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Page last updated at 07:38 GMT, Monday, 26 January 2009
Cannabis law change comes into force

By Jim Reed
Newsbeat reporter

Cannabis smoker

Anyone caught smoking cannabis could now get five years in jail after the government increased the punishment for getting hold of the drug.

Gordon Brown has pushed through plans to return cannabis to its class B status, five years after Tony Blair downgraded it to class C.

The decision was made against the advice of the government's own panel of independent drug experts.

The Home Secretary Jacqui Smith told Newsbeat there is growing evidence that stronger strains of skunk cannabis can cause severe mental health problems like schizophrenia.

"The idea that cannabis is some sort of gentle drug that doesn't have any impact on the people who use it themselves or on those supplying it isn't born out by the evidence," she said.

"The sort of cannabis available on the streets is significantly stronger even over the last two or three years than it has been previously."

Teenage cannabis users explain why they smoke the drug

Punishment for over-18s caught with the drug will increase from a typical "confiscate and warning" to a possible penalty notice and fine followed by arrest and prosecution for repeat offences.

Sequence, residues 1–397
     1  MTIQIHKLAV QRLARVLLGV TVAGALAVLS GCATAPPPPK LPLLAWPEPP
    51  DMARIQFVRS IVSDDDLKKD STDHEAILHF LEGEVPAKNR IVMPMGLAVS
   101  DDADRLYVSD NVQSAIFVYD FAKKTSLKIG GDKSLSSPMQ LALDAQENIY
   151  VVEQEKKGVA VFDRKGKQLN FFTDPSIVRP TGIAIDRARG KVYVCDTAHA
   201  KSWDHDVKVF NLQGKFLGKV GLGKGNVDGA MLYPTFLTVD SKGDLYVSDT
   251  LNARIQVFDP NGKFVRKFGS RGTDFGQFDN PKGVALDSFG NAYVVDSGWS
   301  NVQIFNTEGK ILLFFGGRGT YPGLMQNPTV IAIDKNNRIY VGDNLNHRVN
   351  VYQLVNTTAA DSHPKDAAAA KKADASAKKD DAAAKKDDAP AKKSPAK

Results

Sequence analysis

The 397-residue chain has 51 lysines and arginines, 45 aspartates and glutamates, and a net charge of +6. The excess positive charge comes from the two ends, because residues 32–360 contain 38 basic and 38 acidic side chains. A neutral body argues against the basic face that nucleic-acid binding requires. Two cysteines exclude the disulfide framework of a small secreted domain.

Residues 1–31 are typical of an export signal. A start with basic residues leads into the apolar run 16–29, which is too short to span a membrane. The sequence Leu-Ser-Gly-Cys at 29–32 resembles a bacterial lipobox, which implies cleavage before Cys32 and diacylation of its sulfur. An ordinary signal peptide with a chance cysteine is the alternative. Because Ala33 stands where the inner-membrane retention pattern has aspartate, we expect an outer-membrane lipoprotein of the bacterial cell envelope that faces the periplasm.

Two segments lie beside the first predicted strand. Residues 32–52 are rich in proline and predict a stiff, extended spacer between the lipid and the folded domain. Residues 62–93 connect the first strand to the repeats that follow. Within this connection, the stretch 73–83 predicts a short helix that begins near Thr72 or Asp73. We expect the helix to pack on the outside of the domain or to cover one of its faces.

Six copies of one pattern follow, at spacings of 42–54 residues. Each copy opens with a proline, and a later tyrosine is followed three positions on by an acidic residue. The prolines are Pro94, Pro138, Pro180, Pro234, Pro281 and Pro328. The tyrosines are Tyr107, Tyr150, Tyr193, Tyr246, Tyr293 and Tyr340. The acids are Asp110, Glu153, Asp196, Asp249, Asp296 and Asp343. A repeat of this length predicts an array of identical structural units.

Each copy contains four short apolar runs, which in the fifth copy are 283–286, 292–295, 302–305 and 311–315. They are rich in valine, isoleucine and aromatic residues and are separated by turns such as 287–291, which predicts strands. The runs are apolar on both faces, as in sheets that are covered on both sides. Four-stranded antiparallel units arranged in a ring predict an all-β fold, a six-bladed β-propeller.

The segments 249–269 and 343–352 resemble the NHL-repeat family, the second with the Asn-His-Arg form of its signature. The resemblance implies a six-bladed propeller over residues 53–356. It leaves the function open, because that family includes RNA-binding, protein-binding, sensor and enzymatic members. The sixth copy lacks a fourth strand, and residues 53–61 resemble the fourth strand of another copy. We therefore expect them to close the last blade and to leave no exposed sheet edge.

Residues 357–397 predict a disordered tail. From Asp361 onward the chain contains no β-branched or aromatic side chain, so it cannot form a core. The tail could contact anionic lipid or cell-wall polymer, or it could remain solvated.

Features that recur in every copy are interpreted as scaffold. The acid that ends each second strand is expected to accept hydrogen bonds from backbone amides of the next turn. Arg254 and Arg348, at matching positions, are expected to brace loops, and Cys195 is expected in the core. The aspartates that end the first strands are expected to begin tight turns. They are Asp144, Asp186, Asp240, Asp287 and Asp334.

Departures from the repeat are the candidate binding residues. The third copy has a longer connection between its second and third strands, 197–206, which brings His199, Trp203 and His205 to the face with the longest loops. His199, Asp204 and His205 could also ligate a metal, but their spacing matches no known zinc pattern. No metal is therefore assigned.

But campaigners say the change will do nothing to reduce the amount of people taking the drug and cannabis users have told Newsbeat they are angry at the decision.

Jenny from Glasgow said: "I think it should be legal. You do a lot worse things on alcohol. You go out, get bladdered and you're sick everywhere. We are just sat at home giving a giggle. We don't think we are doing anything wrong."

Experts disagree

The 'class' system divides illegal drugs into different categories - A, B or C - depending on how harmful they are thought to be.

The most dangerous drugs like heroin and crack cocaine are in class A with the least harmful like tranquillisers and some prescription-only painkillers in class C.

Drug classification
Class A: Heroin, cocaine, LSD, crack, ecstasy, magic mushrooms, some amphetamines (injected)
Class B: Cannabis, amphetamines (speed), some painkillers
Class C: Ketamine, GHB, tranquillisers, some painkillers

In 2004 the government took advice from a group of independent drug experts and shifted cannabis down from a class B to a class C substance.

It meant the maximum punishment for possession was reduced from five years in jail to two years.

In reality it was normally treated as a non-arrestable offence.

Anyone caught with a small amount of cannabis could expect to get it confiscated and let off with a warning.

When Gordon Brown took over as Prime Minister he asked the same independent panel of experts to review its recommendation.

After reporting back last year, they said cannabis should remain a class C drug.

'No evidence'

Professor David Nutt, who chairs the government's Advisory Council on the Misuse of Drugs, told Newsbeat: "It is pretty clear that cannabis should be class C because it doesn't cause a great deal of harm to society.